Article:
But maybe not board members. An interesting study on the effect of women on corporate boards and the ensuing changes in governance and behavior of the boards could easily be misterpreted.
Justin Fox outlines the findings.
1. Women boost attendance. Female directors are 30% less likely to not show up to meetings. When there are female directors around, men show up more often, too.
2. Women have a significant impact on corporate governance. Once you've got a woman in the mix, CEOs are more likely to lose their jobs over poor stock performance. You see the same effect when boards have a large fraction of outside directors. Women do not, however, meaningfully alter the level of CEO pay or the amount of it that is incentive-based. (It's worth noting, women are less likely to sit on compensation committees.)
3. Women hurt corporate profits. Well, that's not exactly what the researchers say. What they say is when companies score high on a particular measure of corporate governance (the ability to resist takeovers), having women on the board hurts performance—as measured by return on assets and Tobin's q. However, when corporate governance is weak, they actually give companies a boost. [More]It was my observation as women began showing up on Farm Bureau, school, and other organizational boards similar things happened. I think the meetings went better because the discussions stayed away from ribald jokes and farming stories. There was a tendency for a woman to be elected secretary or at least tasked to take notes, which made a quantum leap in board efficiency since you weren't always starting at square one, and the notes were actually legible.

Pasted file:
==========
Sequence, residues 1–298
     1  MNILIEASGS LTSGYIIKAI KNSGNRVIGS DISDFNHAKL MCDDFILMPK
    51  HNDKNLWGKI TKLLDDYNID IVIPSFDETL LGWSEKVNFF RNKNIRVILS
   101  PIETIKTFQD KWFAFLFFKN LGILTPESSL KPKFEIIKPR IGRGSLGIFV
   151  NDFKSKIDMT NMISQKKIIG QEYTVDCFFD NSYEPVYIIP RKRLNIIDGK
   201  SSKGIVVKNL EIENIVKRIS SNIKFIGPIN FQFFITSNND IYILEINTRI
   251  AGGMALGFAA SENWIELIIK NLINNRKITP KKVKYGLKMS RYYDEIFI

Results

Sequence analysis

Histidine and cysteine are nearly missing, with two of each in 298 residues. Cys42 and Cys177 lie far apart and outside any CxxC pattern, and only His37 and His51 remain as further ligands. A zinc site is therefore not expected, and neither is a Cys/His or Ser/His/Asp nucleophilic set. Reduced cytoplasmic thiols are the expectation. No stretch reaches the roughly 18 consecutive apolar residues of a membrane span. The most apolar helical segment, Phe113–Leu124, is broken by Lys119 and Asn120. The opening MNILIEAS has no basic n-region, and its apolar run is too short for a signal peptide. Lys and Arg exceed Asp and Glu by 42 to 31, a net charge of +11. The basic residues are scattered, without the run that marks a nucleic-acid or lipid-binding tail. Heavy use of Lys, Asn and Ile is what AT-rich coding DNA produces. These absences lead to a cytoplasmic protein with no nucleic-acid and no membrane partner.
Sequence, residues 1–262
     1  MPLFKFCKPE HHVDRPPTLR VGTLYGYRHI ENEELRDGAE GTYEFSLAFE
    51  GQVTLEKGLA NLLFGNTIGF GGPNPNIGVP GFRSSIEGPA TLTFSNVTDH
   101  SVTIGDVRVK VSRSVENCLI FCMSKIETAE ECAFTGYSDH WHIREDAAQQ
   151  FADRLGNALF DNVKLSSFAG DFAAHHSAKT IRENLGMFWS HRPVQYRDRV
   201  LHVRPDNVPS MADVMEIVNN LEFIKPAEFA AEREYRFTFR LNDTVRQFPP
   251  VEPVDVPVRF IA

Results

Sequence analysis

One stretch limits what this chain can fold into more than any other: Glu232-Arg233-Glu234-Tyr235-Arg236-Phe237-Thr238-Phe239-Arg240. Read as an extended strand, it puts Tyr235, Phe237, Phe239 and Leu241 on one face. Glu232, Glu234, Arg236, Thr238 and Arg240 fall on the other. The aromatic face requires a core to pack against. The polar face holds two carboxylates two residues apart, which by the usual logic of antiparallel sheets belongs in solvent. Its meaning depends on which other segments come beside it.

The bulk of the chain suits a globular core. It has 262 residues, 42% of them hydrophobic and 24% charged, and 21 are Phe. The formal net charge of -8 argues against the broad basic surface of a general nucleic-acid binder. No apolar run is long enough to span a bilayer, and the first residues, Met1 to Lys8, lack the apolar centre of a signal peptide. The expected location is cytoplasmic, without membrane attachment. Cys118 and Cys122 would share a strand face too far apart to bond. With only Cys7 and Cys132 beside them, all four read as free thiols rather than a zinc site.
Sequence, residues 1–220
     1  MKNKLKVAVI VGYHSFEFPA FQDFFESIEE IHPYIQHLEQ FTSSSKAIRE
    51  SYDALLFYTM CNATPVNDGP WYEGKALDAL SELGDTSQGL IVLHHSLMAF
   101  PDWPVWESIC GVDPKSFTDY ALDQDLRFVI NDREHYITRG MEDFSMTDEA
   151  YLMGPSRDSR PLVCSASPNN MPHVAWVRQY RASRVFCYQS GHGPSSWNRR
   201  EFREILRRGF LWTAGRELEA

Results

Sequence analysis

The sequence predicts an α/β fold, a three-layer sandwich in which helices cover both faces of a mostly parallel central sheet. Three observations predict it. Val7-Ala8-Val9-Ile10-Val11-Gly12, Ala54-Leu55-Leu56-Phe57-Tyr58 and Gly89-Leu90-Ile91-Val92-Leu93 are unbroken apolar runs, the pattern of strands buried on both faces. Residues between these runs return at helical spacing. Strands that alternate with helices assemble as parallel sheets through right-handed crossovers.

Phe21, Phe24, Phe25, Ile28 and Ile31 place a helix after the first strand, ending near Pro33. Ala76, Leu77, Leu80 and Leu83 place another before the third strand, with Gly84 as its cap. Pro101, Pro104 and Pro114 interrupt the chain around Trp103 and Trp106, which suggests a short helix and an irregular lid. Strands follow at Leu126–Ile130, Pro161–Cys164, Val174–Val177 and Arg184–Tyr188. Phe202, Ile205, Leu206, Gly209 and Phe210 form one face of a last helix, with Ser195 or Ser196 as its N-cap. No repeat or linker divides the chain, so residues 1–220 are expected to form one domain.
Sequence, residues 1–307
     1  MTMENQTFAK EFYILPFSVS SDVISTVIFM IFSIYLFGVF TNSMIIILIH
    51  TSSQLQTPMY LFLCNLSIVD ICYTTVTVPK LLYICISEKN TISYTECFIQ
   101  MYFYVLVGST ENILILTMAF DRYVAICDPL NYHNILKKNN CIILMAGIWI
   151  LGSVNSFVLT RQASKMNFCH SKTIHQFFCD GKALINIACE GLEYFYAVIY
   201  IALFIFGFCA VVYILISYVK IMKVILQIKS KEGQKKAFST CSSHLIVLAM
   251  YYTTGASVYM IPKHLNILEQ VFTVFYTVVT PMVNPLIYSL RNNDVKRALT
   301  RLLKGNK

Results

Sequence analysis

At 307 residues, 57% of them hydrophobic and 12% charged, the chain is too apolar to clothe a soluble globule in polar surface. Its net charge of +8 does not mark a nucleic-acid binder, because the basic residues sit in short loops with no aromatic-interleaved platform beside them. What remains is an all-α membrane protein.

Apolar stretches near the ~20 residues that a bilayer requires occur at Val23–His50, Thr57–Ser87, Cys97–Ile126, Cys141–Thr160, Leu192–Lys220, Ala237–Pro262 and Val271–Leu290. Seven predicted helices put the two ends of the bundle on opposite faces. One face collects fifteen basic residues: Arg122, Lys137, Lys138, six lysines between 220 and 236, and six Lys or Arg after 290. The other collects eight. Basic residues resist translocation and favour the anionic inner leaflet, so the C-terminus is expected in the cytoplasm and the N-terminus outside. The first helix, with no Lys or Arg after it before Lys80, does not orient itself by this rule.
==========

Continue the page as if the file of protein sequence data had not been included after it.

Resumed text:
These days locally, women may be carry the larger burden of community governance simply because they volunteer.
As women slowly become more common in the hierarchy of agriculture it will be interesting to see what changes in our traditional patterns of behavior and commerce will result.